The History Of Mayday

May Day, also known as the “International Working Class Holiday” or “International Workers’ Day,” carries a significant history which encompasses the struggles of the international labor movement. In numerous countries, it is recognized as a national holiday. Massive demonstrations are held around the world on May 1 to recognize the solidarity of labor struggles internationally and to mark the current struggle for causes such as better wages, job security, health care, and a safer work environment.

The celebration of May Day as a labor holiday traces its roots back to the United States. On May 1, 1886, workers across the United States called for a general strike – a strike that calls on all workers regardless of their union affiliation, and even if they are non-union workers – to achieve the guarantee of an eight-hour work day for those involved in industrial trades. Up until that point, there were no limits to how many hours that owners and management could force an employee to work in a day. Workers walked off the job and refused to work until a universal eight-hour work day was achieved.

According to labor historian Phillip Foner, 30,000 to 40,000 workers in Chicago alone participated in the strike action and up to 80,000 workers marched in solidarity in the city.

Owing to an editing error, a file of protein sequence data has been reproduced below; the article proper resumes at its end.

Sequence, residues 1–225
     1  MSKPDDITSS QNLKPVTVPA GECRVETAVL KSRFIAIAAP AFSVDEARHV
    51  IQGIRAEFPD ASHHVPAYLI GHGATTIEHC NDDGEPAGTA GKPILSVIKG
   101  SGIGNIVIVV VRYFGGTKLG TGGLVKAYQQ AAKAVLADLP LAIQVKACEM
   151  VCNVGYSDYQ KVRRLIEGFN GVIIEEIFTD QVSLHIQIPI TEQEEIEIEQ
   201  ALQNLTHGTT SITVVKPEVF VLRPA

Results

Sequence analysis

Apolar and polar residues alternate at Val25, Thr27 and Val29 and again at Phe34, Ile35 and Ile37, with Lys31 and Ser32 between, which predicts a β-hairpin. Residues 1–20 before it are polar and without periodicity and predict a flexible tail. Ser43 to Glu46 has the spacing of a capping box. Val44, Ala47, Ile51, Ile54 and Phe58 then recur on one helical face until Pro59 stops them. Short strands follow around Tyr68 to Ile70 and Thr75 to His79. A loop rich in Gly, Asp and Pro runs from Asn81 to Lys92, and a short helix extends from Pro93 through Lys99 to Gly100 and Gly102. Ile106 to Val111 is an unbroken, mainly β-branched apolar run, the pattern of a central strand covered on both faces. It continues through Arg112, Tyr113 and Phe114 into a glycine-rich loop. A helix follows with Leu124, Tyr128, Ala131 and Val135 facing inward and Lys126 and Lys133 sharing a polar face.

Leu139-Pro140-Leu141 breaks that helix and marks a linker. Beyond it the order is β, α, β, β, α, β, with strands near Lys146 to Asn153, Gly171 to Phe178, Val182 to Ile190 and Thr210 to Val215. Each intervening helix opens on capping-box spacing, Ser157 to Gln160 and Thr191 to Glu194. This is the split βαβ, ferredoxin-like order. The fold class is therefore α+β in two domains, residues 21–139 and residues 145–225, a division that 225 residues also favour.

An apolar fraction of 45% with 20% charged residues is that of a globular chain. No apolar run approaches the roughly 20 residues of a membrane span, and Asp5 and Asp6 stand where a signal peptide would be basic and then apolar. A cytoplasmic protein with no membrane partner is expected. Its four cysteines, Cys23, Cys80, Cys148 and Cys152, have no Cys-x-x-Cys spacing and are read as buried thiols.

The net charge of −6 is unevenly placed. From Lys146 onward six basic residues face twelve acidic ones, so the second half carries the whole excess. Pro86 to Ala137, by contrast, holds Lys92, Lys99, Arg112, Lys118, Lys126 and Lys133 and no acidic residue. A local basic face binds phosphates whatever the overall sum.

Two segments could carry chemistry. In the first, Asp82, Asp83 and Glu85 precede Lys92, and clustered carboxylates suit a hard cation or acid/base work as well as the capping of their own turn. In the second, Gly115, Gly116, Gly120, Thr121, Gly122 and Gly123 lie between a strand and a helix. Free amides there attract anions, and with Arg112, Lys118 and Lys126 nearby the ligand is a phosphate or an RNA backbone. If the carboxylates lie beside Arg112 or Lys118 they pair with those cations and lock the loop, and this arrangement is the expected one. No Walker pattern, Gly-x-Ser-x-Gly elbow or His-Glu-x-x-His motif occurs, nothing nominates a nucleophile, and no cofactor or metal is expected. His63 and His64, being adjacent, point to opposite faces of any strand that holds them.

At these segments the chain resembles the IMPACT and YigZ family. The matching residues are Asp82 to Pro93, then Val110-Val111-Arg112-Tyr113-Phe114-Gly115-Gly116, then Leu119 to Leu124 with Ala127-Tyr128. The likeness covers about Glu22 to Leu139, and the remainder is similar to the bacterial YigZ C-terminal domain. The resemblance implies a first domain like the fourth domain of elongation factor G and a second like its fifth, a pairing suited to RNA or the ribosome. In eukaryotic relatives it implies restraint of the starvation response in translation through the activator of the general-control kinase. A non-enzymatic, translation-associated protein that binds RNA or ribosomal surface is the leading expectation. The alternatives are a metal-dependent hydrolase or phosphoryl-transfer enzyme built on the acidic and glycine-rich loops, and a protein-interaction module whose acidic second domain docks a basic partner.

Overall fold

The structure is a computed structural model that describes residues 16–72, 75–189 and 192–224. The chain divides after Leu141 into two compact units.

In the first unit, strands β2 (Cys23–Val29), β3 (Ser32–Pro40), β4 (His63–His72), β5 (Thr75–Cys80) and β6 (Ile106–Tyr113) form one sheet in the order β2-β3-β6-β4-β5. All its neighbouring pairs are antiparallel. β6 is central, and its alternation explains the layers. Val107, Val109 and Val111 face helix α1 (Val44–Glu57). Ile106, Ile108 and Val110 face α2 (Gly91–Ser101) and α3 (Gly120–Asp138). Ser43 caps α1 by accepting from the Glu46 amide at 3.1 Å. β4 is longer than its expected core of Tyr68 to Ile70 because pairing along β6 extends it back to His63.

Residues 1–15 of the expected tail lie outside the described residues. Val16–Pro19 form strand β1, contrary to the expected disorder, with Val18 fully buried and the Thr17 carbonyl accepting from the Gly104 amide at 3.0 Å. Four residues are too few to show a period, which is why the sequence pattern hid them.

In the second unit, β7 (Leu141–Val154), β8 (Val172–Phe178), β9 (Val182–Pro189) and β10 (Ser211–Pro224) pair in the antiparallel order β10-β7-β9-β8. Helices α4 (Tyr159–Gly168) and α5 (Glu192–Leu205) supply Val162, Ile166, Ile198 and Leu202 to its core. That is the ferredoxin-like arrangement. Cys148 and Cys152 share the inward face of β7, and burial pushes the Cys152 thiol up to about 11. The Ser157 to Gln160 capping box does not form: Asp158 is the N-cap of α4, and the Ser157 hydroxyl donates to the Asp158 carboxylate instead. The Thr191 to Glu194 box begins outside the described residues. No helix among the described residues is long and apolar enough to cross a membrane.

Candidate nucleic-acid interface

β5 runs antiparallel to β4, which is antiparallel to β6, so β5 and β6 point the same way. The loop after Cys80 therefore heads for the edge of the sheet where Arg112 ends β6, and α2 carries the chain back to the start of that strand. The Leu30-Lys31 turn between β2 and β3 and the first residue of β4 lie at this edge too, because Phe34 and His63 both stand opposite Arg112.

The call for a strike was so successful in drawing people into the streets that the police used violence to try to suppress it. On May 3, police opened fire on a crowd of protesters and killed two strikers. On May 4, a bombing in Haymarket Square during a large rally on the city’s west side killed several workers and police officers. The police again fired on the rally, killing four protesters and wounding dozens in the ensuing chaos.

The celebration of May Day began as a commemoration of this tragedy, which quickly became known as the “Haymarket Massacre.” It was first celebrated in 1890 after a call by the International Workingmen’s Association at their meeting in Paris.in the following decades as the labor movement’s strength began to grow.

The call for international working class solidarity and recognition of the struggles of the working class was received and embraced around the world

The Haymarket Memorial (Photo by Seth Anderson, Chicago)
During World War I, soldiers stopped fighting to commemorate May Day. In the 1930′s, workers all over the world marched against the rise of fascism in Europe on that day. In the United States, a May Day march was held to free the Scottsboro Boys, a group of black men falsely accused of rape in 1931. On May Day in 1945, soldiers from the Red Army raised a red flag over the Reichstag in Berlin to symbolize the defeat of Nazism and the end of World War II. In 1975, thousands marched in Boston on May Day to stop the segregation practices inflicted on black workers in the city by supporters of the white-supremacist group Restore Our Alienated Rights. In the late 1980′s, millions marched in South Africa to bring down the apartheid government there.

Despite the fact that the U.S. set Labor Day in September to separate its working class from the world movement May Day remains the day on which the working class rallies its forces to continue the battle against war, racism, sexism, and, for many, capitalism.

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